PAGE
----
Home Office @ukhomeoffice: Change the law so 17-year-olds are treated as children in custody #4Joe
  • Petitioned Rt Hon Damian Green

This petition was delivered to:

Minister of State for Policing and Criminal Justice
Rt Hon Damian Green
Secretary of State for the Home Office
Rt Hon Theresa May

Home Office @ukhomeoffice: Change the law so 17-year-olds are treated as children in custody #4Joe

    1. Nick and Jane Lawton
    2. Petition by

      Nick and Jane Lawton

      Lancashire, United Kingdom

April 2013


On April 25th, the High Court ruled that 17 year olds must be treated as children in police custody and that the Government has been acting unlawfully by treating them as adults.

This is a fantastic victory and means that the Home Office must ensure that 17 year olds are treated as children in custody and their parents or another adult be informed about their arrest.

This wouldn't have been possible without your support. Over 55,000 joined you and signed our petition calling for the change in the law. We've been blown away by the response and all the comments that have been left in support have been amazing. Thank you.

Although this change won't bring back Joe, we are so pleased that no other parent will have to face what we did. As the judge ruled yesterday, a parent has the right to know what their child is facing and to support them. We know that if we had been there for Joe then it could have all been very different.

The Home Office has said that they accept the court's judgment and will consider the next steps they should take to implement the changes. We hope they will do this with speed and issue immediate guidance to police forces on how to protect 17 year olds.

We haven't had much to celebrate since we lost Joe. But thanks to you, everyone who signed our petition and all those who have supported us, we can celebrate today - an historic change to the law in memory of Joe.

Joe was our only son. Last August he was arrested and kept overnight at Cheadle Heath Police station after a positive breath test. He was just seventeen and had made a bad decision to drive home after a party. Two days later Joe took his own life.

It was only then that we, his parents, found out he had been arrested -- because he was seventeen he was treated as an adult in custody. We were not called when he was arrested or given the opportunity to give him the support he needed.

The fact that a seventeen-year-old is treated as an adult whilst in custody is an anomaly of British law once they are charged they are then treated as children, this simply does not make sense.

Joe is not they only child to take his own life after contact with or arrest by the police, for someone of any age being held and charged in a police station is a traumatic experience and especially so for young people without the life experience of an adult.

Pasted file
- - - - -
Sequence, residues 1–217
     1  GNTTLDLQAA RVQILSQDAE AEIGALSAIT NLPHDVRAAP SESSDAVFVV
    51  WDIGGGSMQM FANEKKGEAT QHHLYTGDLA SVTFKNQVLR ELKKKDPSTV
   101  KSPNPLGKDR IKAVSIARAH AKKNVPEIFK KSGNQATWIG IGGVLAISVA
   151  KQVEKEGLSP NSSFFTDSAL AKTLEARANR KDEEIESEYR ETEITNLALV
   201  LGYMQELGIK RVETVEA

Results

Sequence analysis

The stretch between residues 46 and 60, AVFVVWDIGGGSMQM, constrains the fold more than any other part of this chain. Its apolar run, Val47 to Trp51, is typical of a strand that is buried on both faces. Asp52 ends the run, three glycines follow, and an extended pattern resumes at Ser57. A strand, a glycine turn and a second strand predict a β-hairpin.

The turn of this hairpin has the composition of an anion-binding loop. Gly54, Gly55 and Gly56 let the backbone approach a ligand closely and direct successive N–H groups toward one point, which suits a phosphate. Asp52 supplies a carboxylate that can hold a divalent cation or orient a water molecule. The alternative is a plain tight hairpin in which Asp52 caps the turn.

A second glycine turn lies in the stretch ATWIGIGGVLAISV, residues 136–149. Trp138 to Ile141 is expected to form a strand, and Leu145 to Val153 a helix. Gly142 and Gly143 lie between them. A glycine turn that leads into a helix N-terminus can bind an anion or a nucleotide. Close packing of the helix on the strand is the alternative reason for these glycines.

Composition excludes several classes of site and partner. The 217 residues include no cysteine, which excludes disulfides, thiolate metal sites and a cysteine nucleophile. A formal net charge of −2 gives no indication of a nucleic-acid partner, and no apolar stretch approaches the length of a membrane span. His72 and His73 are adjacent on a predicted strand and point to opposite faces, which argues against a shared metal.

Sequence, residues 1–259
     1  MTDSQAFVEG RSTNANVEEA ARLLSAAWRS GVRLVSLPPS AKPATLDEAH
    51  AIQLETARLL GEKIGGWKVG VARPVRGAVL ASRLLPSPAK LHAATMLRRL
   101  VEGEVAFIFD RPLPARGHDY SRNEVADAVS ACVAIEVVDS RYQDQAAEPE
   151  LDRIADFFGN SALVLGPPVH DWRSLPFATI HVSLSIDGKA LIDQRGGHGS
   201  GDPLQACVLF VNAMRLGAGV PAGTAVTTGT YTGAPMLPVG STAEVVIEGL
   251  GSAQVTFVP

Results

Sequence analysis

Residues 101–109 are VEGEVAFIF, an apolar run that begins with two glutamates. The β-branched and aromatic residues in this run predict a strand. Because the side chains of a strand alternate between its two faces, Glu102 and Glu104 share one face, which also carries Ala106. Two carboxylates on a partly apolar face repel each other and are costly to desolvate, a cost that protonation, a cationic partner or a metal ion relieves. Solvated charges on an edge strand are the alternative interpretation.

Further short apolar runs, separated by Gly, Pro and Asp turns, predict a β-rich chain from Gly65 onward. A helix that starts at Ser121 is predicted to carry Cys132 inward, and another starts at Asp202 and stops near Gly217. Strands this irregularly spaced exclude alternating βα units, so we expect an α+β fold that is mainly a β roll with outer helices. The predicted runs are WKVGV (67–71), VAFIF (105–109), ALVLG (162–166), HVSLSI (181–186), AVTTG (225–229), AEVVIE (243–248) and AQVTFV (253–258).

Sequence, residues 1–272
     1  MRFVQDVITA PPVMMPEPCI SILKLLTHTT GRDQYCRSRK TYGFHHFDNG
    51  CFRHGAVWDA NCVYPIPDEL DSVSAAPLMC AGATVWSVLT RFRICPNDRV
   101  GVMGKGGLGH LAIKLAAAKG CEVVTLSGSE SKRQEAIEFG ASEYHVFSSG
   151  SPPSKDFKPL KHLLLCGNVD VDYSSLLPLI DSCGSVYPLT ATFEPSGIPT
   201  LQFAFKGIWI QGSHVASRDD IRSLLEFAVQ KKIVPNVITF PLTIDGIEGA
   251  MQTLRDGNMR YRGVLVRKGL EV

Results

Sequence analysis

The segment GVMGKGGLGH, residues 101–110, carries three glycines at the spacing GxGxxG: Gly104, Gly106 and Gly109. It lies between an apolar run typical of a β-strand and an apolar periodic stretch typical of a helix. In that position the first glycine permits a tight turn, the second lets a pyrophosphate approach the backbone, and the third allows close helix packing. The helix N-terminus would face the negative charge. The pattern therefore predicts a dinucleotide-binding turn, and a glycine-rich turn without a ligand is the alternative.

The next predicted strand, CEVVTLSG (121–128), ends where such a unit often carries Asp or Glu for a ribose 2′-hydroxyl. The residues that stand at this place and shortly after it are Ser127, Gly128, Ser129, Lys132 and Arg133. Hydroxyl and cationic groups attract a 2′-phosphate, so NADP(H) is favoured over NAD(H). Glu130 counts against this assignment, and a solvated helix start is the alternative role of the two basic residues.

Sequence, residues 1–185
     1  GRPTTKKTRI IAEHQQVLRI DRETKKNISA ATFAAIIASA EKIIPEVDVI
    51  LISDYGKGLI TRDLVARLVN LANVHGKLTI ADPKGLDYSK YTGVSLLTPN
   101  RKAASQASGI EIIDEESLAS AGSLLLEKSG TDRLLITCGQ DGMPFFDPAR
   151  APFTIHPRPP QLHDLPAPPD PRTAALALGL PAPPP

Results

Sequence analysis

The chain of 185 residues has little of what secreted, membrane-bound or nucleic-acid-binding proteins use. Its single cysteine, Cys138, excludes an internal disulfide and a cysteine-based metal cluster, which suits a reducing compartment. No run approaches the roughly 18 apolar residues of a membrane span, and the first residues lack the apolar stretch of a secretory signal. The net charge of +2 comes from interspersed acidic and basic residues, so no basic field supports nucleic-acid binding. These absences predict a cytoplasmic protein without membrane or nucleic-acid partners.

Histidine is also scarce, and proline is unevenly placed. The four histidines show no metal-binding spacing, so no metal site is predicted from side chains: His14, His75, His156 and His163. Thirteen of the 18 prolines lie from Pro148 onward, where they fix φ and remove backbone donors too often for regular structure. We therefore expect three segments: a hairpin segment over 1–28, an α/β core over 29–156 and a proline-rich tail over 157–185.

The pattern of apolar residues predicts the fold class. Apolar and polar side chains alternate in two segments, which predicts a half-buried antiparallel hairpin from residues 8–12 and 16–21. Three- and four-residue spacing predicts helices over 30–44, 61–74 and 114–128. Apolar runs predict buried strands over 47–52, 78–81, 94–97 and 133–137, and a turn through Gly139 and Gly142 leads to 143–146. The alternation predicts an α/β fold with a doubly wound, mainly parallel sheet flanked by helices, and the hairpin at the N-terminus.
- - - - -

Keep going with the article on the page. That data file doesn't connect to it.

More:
Few seventeen-year-olds could make a rational judgement about contacting family or legal advice in that situation without support. Perhaps most importantly of all they are fearful of disappointing and letting down their families. This is perhaps why some young people don’t want their families to be contacted at the time of their arrest, thereby depriving them of the support they really need. It is this that makes them so vulnerable.

We believe if the law had been different Joe would still be alive.

With this in mind we are looking for your support to ask the Government to change the law to ensure seventeen-year-olds are treated as children upon arrest.

This will bring the UK into line with the United Nations Conventions on the rights of the child which state that every person under eighteen must be treated as a child if they are considered such in the eyes of the law of that country.

Please sign our petition calling on the Government to change the law.

Recent signatures


    1. Reached 50,000 signatures
    2. Reached 2,000 signatures


    Reasons for signing

      • over 1 year ago

      Absolutely made up with this outcome, I'm positive this will make a huge difference to those kids in police custody. Well done every one and a massive thanks to Joe's parents for Initiating this. I hope you can find a little comfort in a great result. I'm sure Joe would be very proud. Best wishes to Joe's family.

      • over 1 year ago

      Congratulations on your success! I signed this petition as I have a nephew of the same age and can't imagine the fear and loneliness at that age of being detained without support. Also I have suffered a bereavement by suicide and it is a horrendous situation to come to terms with. This tragic story touched me when I first saw in on Channel four news. Best wishes for the future. x

    • Maria Qureshi BRAMPTON, CANADA
      • over 1 year ago

      17 is still too young!

      • over 1 year ago

      I am a parent

    • Yami Manchanda-Corless LONDON, UNITED KINGDOM
      • over 1 year ago

      Some control in discretion needs to be present when police exercise their powers. It is common sense that a younger person may not be familiar with the processes that they are subject to and whether guilty or not support should be given. It is a fundamental rights to have the support of parents when in such a situation. The reassurance may have made a significant difference to the choices made by Lawton and Thornber. If you cannot buy cigarettes at 18 why be charged and treated under the same standards in a police station in relation to a different offence?


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